After Fellini’s death, his body was lying in state in the former foyer of the Teatro Galli at the top of the piazza.
Next on Corso d’Augusto – on no. 162 – is the Fulgor cinema …
… where Fellini watched his first ever movie (a sword-and-sandal epic called Maciste), sitting as a five-year-old on his father’s lap in 1925.
In the Fulgor, as Fellini later confessed in his book La Mia Rimini, he also touched up Gradisca (Amarcord’s femme fatale), sitting next to her in the audience and slowly shoving his hand further and further up her leg until she asked him whether he had lost something and whether she could help him look for it.
The cinema is in a near-constant state of reconstruction and will eventually become a Fellini Museum, although nobody quite knows when. (They appear to push the probable date of completion further back with every year.)
Take a turn to the left for Sismondo Castle, a 15th century fortress built by Sigismondo Malatesta (to this day, the only person to be “canonized to hell” by a papal edict).
The huge front court of the castle, currently under construction and used as a parking lot, was once Rimini’s main exhibition and fairground space. This is where Fellini saw his first travelling show and where his life-long love affair with the circus began.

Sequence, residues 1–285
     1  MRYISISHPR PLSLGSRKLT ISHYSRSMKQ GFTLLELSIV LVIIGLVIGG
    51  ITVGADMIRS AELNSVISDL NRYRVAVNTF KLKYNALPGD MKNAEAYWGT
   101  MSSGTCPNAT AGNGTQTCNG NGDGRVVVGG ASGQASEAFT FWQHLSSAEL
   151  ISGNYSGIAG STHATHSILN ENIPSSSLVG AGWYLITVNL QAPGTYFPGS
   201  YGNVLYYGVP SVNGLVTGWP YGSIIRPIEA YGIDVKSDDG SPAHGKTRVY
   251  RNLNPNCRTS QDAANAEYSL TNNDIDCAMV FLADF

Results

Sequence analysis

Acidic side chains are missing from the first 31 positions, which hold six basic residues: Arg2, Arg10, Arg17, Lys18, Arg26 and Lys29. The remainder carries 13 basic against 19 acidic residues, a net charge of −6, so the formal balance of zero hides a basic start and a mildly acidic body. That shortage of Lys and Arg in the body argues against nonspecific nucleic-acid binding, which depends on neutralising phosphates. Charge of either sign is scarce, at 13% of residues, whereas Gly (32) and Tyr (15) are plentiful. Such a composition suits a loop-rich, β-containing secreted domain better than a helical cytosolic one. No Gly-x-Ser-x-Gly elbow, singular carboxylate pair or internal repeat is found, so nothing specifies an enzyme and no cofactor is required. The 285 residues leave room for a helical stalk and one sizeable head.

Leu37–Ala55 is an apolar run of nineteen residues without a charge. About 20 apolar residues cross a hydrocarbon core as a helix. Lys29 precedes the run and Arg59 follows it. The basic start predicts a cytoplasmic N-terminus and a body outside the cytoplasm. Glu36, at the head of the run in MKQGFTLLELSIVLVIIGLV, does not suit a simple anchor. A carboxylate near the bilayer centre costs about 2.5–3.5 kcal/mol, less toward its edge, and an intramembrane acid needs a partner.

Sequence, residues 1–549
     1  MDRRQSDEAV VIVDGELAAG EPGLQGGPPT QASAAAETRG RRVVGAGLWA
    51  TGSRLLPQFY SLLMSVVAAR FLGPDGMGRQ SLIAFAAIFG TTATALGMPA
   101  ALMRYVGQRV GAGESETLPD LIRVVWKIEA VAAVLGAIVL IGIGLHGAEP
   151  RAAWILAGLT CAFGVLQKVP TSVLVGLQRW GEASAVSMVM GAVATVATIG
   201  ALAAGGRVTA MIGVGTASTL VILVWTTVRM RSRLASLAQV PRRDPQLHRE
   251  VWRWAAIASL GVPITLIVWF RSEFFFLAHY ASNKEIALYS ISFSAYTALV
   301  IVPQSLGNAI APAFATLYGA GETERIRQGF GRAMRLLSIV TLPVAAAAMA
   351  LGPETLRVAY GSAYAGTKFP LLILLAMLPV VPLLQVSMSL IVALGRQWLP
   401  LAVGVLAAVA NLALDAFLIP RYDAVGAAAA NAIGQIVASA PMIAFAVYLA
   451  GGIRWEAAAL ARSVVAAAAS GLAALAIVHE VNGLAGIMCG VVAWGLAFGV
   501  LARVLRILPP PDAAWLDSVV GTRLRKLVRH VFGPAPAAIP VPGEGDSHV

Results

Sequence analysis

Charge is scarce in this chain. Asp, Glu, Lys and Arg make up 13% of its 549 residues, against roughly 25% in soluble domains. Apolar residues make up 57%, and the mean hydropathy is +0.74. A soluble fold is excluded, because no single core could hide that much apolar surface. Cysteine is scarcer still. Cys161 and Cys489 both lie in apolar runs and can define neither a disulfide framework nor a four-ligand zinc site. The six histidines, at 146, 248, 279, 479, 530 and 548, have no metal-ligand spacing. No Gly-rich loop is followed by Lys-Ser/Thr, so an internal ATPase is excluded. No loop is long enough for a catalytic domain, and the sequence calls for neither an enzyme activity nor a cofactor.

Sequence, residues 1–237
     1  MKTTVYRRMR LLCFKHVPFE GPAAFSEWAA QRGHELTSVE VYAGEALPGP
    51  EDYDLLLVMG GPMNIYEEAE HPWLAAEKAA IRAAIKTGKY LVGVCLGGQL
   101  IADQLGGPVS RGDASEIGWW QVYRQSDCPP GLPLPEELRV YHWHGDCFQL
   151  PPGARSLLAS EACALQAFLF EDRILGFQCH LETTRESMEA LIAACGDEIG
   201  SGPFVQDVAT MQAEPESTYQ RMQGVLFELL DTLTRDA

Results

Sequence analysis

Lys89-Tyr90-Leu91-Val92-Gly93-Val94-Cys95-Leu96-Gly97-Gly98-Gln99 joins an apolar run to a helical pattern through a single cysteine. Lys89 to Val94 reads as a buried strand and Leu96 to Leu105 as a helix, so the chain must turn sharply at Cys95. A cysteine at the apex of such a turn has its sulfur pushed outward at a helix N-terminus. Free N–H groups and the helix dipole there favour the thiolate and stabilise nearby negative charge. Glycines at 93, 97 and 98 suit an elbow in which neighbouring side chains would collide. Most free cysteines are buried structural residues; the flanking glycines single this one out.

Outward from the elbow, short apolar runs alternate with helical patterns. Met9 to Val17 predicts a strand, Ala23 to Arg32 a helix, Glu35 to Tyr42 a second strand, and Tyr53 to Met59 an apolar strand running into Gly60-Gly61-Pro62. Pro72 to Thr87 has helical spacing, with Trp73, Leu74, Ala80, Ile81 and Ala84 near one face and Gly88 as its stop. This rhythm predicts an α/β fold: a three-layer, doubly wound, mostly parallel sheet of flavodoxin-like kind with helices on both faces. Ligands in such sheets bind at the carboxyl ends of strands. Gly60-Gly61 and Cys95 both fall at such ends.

The castle itself was at the time used as the town prison, and Fellini later remembered how the prisoners “exchanged jokes with the clowns and shouted obscenities at the female acrobats” who were unlucky enough to pass by under their cells.
From the castle, turn towards the Tiberius Bridge and then right along Porto Canale fishing port.
This is where the vitelloni (the “young layabouts”) hung out and where Alberto asks: “If somebody offered you 10,000 lire, would you jump in?” (Riccardo, played by Fellini’s brother Riccardo who was later to become one of Italy’s foremost documentary filmers, says he would.)
Follow the canal down to the coast and turn right for the Grand Hotel, famous for the dreamlike dance sequences in Amarcord.
When Fellini was a child, the Grand Hotel was visited by foreign millionaires and aristocrats: for Federico and his friends, it became the very symbol of distant and unobtainable glamour. Later in his life, Fellini made it a point to stay here on all of his return visits to Rimini (always in the same room: no. 315). This is also where he suffered the stroke that would eventually kill him in 1993.
Learned essays and one whole book have been written about the role that the sea plays in Fellini’s films. The Mediterranean certainly puts in numerous appearances, and one might imagine the relatively wild coast to the northwest of the Grand Hotel …
… as the home of the terrifying Saraghina (from 8 1/2) who was, it is said, modelled after a “woman with a certain reputation” who lived rough in a beach cabin near-by, although nobody knows or remembers any details. Or as the place where the sea monster was beached – a real event in Rimini from 1935 that clearly inspired the final scene of La Dolce Vita.
Further up the coast, however, the town’s coastline was changed, changed utterly in the 1950s when the “terrible beauty” of new Rimini was born.
One can sympathize with Fellini who wrote in his autobiography, having returned to conduct some on-site research for his book, that he failed to recognize the city of his own youth.
This city, whatever it may have been like, has been lost for ever – but for that, we shall always have Amarcord.